Or how about a tale of organisational incompetence? Take the 1931 World Championships, held in Denmark. In the sprint race, the local rider, Willie Falk Hansen, was clearly beaten by the French rider, Lucien Michard. But the UCI blazer officiating on the day miscalled the race for Denmark. Even the crowd of locals weren't very impressed with this level of incompetence. Eventually the commissaire was convinced of his error. Except there was nothing he could do about it. The UCI rules insisted that once a decision was made, it couldn't be reversed. Even if it was wrong. Thank the stars that society has advanced in the last eighty years and such a thing could never happen again, in any sport. Back then though, as far as the UCI was concerned, the first could be last, and the last could be first. The good outcome of the story was that for the next year Hansen and Michard made a killing re-running the race at track meets around Europe.
Other tales Woodland tells are just pure mischief. Take the 1969 Tour de France. Dutchman Rini Wagtmans decided to play a joke on the peloton and at the start of one stage took off at great speed as the race was still in the neutralised section. He blasted past his fellow riders, and past Jacques Goddet in the lead car at the head of the race. On and on he flew and was quickly out of sight of all behind him. At which point he suddenly slammed on his breaks and slipped down a darkened side alley. His plan was to stand station there, waiting for the peloton to pass, and then to rejoin at the rear, idling up through the ranks and surprising everyone, who would think he was miles ahead down the road. What a jolly jape that would be.
Except that a few riders in the peloton took Wagtmans' escape seriously, and gave chase. And the peloton took their pursuit seriously. Soon enough the hammer was down and the whole peloton was chasing furiously. Poor Wagtmans himself then had to try rejoin a peloton in flight, alone and unaided. It took him some time and considerable effort. Even he was no longer seeing the funny side of the story by the time everyone realised what had happened.
Woodland quotes Wim van Est telling another story about Wagtmans: "We were riding the Dutch Club Championship and we'd got an eight minute lead. Five hundred metres from the line [Wagtmans] saw a little children's bike and he got on it and pedalled across the line on that. The judges didn't get the joke and they disqualified us."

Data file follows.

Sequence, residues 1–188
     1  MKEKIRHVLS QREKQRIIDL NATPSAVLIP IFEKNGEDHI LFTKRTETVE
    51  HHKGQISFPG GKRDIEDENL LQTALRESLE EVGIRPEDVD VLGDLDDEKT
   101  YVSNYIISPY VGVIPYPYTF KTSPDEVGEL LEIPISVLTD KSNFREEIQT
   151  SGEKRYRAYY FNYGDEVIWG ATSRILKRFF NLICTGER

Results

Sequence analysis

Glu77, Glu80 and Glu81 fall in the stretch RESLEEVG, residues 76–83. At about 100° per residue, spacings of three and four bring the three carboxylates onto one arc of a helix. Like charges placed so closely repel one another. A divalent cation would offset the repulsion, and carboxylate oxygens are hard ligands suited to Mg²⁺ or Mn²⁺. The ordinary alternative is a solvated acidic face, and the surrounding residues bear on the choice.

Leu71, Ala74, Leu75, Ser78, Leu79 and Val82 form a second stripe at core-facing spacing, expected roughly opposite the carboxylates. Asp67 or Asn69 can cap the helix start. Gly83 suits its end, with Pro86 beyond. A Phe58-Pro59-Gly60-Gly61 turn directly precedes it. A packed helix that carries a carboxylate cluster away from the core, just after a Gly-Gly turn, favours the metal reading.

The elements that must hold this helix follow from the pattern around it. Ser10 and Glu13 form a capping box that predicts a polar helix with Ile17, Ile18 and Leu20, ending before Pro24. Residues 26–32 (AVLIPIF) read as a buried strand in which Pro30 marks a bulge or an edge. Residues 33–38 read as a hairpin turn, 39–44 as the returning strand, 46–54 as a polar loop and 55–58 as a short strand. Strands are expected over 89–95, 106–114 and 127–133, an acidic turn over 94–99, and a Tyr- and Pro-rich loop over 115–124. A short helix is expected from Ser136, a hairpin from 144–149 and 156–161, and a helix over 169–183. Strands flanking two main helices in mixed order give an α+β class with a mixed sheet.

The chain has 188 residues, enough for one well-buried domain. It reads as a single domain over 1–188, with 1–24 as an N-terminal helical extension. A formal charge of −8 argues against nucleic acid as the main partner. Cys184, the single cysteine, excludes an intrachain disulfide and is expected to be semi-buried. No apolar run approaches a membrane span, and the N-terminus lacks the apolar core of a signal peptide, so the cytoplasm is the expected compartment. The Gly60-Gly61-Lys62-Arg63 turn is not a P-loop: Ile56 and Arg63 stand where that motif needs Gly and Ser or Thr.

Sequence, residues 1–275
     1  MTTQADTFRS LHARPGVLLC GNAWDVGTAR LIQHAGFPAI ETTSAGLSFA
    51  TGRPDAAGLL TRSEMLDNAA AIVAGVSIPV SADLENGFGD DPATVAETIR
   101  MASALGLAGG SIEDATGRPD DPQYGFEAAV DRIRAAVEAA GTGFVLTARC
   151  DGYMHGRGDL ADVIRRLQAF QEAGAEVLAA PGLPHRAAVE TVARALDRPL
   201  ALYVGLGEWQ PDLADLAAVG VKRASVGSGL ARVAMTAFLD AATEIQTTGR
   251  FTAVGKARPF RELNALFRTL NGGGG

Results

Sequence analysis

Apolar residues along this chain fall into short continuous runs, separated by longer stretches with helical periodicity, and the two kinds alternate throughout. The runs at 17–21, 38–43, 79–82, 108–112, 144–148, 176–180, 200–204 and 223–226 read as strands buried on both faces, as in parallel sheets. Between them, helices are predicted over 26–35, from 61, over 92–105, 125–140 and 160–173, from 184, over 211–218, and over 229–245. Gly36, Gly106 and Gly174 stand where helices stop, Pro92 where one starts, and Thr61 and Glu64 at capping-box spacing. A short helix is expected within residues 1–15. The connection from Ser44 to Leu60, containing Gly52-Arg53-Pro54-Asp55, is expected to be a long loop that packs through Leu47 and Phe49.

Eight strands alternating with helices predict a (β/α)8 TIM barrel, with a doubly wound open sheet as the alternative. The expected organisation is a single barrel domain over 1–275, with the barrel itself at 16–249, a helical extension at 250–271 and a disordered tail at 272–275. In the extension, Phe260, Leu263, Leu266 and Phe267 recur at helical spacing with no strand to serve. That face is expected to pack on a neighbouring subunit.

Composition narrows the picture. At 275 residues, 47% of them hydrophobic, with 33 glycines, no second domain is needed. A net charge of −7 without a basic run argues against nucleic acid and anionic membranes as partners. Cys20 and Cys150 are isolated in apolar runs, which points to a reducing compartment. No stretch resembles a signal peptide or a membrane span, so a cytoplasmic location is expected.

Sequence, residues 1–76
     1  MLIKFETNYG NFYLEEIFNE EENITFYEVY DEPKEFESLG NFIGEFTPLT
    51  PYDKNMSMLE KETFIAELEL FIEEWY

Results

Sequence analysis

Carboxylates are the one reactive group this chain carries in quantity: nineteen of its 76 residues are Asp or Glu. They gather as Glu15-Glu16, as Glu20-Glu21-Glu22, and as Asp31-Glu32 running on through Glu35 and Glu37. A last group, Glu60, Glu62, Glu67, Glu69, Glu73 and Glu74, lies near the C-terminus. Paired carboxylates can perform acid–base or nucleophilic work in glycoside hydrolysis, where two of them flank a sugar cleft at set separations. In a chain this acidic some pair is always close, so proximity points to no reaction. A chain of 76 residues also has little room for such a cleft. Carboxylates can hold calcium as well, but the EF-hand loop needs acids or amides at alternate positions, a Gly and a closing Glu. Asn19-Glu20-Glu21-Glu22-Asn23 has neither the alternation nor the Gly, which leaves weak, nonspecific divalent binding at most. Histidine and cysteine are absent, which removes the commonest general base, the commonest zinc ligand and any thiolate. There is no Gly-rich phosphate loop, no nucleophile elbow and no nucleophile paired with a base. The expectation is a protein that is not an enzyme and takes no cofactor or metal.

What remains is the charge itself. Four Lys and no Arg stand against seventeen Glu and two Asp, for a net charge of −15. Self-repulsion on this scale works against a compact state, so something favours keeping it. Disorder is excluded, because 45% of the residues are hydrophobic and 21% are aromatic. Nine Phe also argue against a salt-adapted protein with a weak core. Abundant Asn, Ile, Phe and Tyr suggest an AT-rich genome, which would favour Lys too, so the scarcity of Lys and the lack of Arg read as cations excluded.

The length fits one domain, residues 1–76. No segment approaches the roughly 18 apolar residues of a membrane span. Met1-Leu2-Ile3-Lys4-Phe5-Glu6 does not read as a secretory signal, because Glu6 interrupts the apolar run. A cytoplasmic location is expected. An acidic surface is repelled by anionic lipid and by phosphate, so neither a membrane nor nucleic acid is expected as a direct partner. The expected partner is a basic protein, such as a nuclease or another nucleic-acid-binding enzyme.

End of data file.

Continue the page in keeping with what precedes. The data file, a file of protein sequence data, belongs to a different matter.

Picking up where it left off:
Sprinting is, of course, where the sport threads a thin line between a close contest and downright crookedness. There's a tale, recounted by Tom Simpson in his autobiography - after a while you begin to recognise the main books Woodland is pulling his tales from - about the 1963 World Championships, which took place in Belgium. Local hero Rik van Looy was considered one of the pre-race favourites. In the finishing straight van Looy was going like a steam train, until he saw his compatriot Benoni Beheyt coming through. Then Beheyt grabbed a hold of van Looy's jersey. As the less favoured of the two Belgians he should have pushed van Looy toward the line, ensuring his victory. But ambition seems to have got the better of Beheyt that day and he tugged van Looy backwards, pushing himself forward, claiming the rainbow jersey for himself.
Such is the hurly-burly of sprinting and whether such jersey-pulling is cheating or not is never quite clear. Van Looy, nicknamed the Emperor, seemed to take defeat in his stride, but soon enough let it be known that he would not look favourably upon anyone - riders or race promoters - who aided Beheyt's career. By 1967, when he was just twenty-six, Beheyt had finally got the message and quit the sport.
Overall, The Crooked Path To Victory is a worthwhile book, something to dip into and out of. The majority of the tales told are of the type quoted above, with the worst excesses of cheating saved for the section on doping and the well worn tale of fear and loathing on the 1998 Tour de France.
Regrettably though, the whole just doesn't really add up to anything substantial, Woodland offering no theory as to why we can like a sport that is apparently so crooked, particularly where pharmaceutical enhancement is concerned. Nor does he suggest a linkage between the differing degrees of lawlessness. All he offers are the stories themselves. It's up to you to make of them what you will.